“What we’re trying to do is raise awareness that our family members with Down syndrome can be productive members of the community and are just as important as everyone else in the community,” she said. “It puts faces to that as we walk through town.”
She added that it also gives her 16-year-old daughter, Elizabeth, a chance to spend time with friends who also have a sibling with Down syndrome.
Elizabeth Gagne added that the walk “lets people know that Down syndrome is not a disease.”
Willistonian Linda Scott, whose 19-year-old daughter, Emily, has Down syndrome, also pointed to raising awareness and inclusion of those with the syndrome—echoing others’ remarks that they are like everyone else—but also said the walk provides a connection among the participating families.
“It’s a way also for us parents to have a connection with other folks, and our kids get long lasting relationships from it as well,” she said.
The festivities kick off with a welcome and opening remarks at 12:30 p.m., followed by the walk at 1 p.m. The route will go through the downtown business district and up Church Street before returning to the park by 2 p.m. Those who have a family member with Down syndrome or who know a person with Down syndrome or want simply to support their friends and neighbors are welcome to join the Buddy Walk.
“What we hope participants will take away from this is that people with Down syndrome don’t have special needs, they have the same needs as everyone else,” said Champlain Valley Down Syndrome Group President Lisa DeNatale in a press release. “We all need a good education, to have access to good health care, to get a meaningful job, and to make life-long friends.”
Registration is $8 if prepaid online ($10 for day-of registration) per person ages 10 and over, with $40 maximum per family. To register, visit, cvdsg.org/buddy-walk-2015/
The walk is organized by the Champlain Valley Down Syndrome Group. The group’s mission is to “provide information, resources and support to individuals with Down syndrome and their families, and to promote awareness and inclusion in our communities of people with Down syndrome to help them achieve their full potential,” according to its website.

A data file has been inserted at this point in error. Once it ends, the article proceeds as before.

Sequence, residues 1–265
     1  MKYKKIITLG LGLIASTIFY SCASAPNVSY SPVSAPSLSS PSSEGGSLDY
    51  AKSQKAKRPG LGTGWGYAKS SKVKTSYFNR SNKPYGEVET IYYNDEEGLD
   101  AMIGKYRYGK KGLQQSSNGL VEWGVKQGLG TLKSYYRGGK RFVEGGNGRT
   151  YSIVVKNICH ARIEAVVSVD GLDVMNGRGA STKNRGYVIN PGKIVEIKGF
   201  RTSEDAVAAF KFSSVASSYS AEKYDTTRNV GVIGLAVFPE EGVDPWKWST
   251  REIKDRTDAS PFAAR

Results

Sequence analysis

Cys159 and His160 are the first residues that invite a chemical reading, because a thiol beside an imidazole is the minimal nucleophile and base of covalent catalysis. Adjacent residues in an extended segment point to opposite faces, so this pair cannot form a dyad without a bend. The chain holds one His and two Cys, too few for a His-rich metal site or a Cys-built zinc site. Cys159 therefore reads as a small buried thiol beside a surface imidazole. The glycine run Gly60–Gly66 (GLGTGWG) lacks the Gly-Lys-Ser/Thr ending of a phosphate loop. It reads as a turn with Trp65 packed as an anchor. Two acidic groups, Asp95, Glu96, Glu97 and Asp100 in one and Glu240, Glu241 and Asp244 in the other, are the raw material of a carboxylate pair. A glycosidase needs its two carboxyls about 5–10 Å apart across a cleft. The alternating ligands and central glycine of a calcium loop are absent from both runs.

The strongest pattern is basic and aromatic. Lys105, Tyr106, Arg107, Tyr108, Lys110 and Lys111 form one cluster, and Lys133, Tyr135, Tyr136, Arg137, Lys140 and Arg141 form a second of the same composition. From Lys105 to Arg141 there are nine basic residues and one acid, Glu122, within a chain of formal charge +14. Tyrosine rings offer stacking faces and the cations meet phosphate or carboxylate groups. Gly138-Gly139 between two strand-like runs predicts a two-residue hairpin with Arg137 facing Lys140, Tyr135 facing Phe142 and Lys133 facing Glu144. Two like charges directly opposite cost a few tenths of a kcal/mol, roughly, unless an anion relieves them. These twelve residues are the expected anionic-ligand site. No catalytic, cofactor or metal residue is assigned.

Gagne works with the group as a first-call parent, speaking with parents who have just received a pre-natal or post-natal diagnosis.
“They can connect with families who have already walked a few miles in those moccasins,” she said. “It lets them know that they are not alone, and it’s not a death sentence.”
Between walkers and observers, McNamara said the group hopes to spread understanding.
“Hopefully, they can take the message of awareness and inclusion back to their own worlds and if they ever encounter somebody with Down syndrome, they hire them or become friends with them or just treat them like anybody else,” McNamara said.
For more information, contact Tim McQuiston at 355-4206. To learn more about the Buddy Walk, visit www.facebook.com/ChamplainValleyDownSyndromeGroup or www.buddywalk.org.
By Stephanie Choate
The town is forming a new task force to examine the possibility of establishing a trust fund to promote affordable housing development in Williston.
During its Oct. 5 meeting, the board approved a charge for the task force, which would likely be made up of members from the task force formed in 2012 to look into methods to spur affordable housing.
Williston has long sought to encourage affordable housing in town, but the recent economic climate has frustrated hopes of developing it easily. Despite a task force that spent a year studying the issue, the Selectboard still identified the lack of affordable housing as the biggest issue facing the town during its annual retreat in June.
The Affordable Housing Task Force recommended that the town establish a housing trust fund in its February 2014 report.
“A housing trust fund can provide a mechanism for the Town to accumulate and manage financial assistance for developers and homeowners and renters to keep housing perpetually affordable,” the report states. “The Task Force recommends that the Town of Williston establish a Williston Housing Trust Fund, to function in collaboration with the Champlain Housing Trust.”
Housing is considered affordable when it costs 30 percent or less of the household’s income. According to the 2014 housing report, more than a third of Williston homeowners spend more than 30 percent, and 8 percent spend more than 50 percent.
The Housing Trust Fund Task Force would need to determine the level of funding needed, how the funds should be disbursed, who decides on fund distribution, what possible revenue sources could be considered and whether there should be an income targeted, among other things.
The task force would be established and its members identified by December. It would make recommendations to the Selectboard by November of 2016. That way, if the board decides to create the fund, it would have time to work it into its municipal budget.
South Burlington recently established a Housing Trust Fund, placing $50,000 in the fund for fiscal year 2016 and setting up a committee to monitor it.